COVID-19 Symptoms: Omicron vs. Delta
Written by Ada’s Medical Knowledge Team
- Omicron symptoms are usually milder compared to Delta symptoms
- Both Omicron and Delta can cause severe illness for people that belong to a risk group for COVID-19
- The symptoms of Omicron vs. Delta are quite similar, although Omicron targets the upper respiratory tract more, resulting in symptoms such as sneezing, a runny nose, and a sore throat
- Omicron is currently the dominant strain of the coronavirus worldwide
Omicron and Delta have been the dominant strains of the coronavirus lately. Because of the worldwide circulation of these two variants, it’s essential to know the difference between the symptoms they cause, their transmissibility, the duration of symptoms, and the possible severity of illness they may cause. Understanding these two variants’ differences is crucial for public health strategies and your information and protection.
What is the difference between the Omicron and Delta variant?
Omicron and Delta symptoms have been a worldwide cause of concern since these variants emerged. The Delta variant was first detected in India in March 2021 and quickly spread worldwide. In November of the same year, Omicron was detected in South Africa and became the dominant variant worldwide. Currently, the variants in high circulation are all variants of Omicron. 1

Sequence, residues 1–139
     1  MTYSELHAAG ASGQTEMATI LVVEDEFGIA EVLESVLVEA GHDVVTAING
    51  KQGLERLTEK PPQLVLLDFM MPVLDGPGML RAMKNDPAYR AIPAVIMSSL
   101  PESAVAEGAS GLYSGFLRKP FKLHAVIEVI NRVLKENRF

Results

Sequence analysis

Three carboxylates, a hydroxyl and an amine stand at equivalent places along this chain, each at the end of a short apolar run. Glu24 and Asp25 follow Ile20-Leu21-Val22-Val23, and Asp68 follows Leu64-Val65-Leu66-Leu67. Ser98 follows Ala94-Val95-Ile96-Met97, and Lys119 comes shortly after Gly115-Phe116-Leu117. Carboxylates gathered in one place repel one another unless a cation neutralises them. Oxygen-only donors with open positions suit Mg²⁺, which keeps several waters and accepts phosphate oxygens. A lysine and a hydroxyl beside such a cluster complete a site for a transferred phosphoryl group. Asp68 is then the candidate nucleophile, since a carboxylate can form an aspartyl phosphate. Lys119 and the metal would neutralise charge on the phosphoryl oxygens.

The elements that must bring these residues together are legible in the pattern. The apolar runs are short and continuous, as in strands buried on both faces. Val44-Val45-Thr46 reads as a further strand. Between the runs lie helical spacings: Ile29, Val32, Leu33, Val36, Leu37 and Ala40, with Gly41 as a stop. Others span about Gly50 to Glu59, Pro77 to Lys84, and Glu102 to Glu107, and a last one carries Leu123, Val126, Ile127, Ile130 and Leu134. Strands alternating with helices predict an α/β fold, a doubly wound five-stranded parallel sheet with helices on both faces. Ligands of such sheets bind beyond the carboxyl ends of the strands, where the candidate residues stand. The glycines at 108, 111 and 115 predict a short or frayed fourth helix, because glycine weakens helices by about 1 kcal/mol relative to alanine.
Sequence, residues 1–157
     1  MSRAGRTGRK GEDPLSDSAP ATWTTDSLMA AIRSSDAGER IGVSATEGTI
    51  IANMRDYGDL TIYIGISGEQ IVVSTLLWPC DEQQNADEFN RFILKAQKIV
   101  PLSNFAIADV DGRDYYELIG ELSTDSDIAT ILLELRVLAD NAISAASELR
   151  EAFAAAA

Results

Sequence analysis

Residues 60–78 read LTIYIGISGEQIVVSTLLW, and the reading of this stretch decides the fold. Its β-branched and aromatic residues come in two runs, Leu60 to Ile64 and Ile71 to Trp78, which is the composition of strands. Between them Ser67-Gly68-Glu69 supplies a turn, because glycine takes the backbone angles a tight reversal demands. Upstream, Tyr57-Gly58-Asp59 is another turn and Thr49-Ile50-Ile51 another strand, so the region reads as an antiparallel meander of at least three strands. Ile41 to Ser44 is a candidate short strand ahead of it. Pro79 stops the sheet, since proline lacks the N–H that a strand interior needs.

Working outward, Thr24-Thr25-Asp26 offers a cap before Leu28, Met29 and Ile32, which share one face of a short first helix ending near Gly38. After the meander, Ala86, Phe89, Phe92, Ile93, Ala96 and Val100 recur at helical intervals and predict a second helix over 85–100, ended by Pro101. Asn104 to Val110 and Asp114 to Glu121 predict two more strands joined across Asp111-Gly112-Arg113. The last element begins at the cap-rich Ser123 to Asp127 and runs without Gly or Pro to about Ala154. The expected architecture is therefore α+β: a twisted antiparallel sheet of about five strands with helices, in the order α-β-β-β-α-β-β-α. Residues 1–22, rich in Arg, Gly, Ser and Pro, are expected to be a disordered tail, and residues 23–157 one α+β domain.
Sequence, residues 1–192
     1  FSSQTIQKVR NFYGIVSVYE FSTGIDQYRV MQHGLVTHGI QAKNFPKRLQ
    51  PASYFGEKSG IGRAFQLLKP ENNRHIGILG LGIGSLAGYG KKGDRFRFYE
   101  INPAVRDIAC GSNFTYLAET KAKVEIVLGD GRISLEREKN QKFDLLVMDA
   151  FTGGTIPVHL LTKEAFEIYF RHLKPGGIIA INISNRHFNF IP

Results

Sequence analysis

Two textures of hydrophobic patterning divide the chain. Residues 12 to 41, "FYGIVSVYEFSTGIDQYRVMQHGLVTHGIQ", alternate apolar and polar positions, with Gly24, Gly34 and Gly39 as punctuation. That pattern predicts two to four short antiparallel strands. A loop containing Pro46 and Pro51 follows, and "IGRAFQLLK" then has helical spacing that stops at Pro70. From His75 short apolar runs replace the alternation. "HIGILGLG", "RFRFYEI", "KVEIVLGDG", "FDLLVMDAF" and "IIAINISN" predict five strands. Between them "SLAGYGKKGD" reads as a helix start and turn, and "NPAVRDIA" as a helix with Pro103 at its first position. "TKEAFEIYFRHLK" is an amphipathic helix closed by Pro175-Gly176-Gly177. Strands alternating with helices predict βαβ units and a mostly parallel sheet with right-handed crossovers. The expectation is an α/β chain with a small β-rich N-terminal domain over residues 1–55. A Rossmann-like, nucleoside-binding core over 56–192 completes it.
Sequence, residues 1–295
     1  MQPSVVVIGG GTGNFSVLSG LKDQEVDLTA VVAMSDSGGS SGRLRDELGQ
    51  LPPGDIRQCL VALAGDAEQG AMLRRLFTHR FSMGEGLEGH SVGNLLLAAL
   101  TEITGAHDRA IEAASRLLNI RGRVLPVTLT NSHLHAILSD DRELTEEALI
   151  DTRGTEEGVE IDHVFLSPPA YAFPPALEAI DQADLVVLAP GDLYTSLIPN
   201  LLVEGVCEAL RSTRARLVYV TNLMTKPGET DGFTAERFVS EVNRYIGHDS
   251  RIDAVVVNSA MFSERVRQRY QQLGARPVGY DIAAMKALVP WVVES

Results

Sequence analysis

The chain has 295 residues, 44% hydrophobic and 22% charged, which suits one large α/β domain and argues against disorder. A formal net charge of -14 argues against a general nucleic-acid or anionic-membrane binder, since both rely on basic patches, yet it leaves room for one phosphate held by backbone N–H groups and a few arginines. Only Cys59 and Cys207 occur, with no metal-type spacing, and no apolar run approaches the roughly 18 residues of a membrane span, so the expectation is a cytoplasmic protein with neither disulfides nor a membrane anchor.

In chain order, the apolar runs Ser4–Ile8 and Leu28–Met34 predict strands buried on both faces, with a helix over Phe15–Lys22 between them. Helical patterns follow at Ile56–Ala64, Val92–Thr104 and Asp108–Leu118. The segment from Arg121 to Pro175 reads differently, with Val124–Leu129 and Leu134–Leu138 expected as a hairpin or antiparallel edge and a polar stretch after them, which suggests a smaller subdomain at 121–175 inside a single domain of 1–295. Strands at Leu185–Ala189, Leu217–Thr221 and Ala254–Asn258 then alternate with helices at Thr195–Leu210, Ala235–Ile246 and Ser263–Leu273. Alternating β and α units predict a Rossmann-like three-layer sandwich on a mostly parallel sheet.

To assess the implications for public health and the need for additional safety measures, the WHO created a system in which all variants have been categorized according to their potential impact on transmissibility, immunity, and severity.
- Variants of concern, which are viruses for which there’s evidence of an increase in transmissibility or disease severity.
- Variants of interest, which are viruses that have mutated in such a way that there may be an increase in transmissibility or disease severity.
- Variants under monitoring, which are variants that may increase transmissibility or disease severity, but the evidence is weak or hasn’t been properly assessed yet.
- De-escalated variants, which are variants that have been de-escalated as they’re no longer circulating, have an impact on the overall situation of COVID-19, or they aren’t associated with any concerning health problems.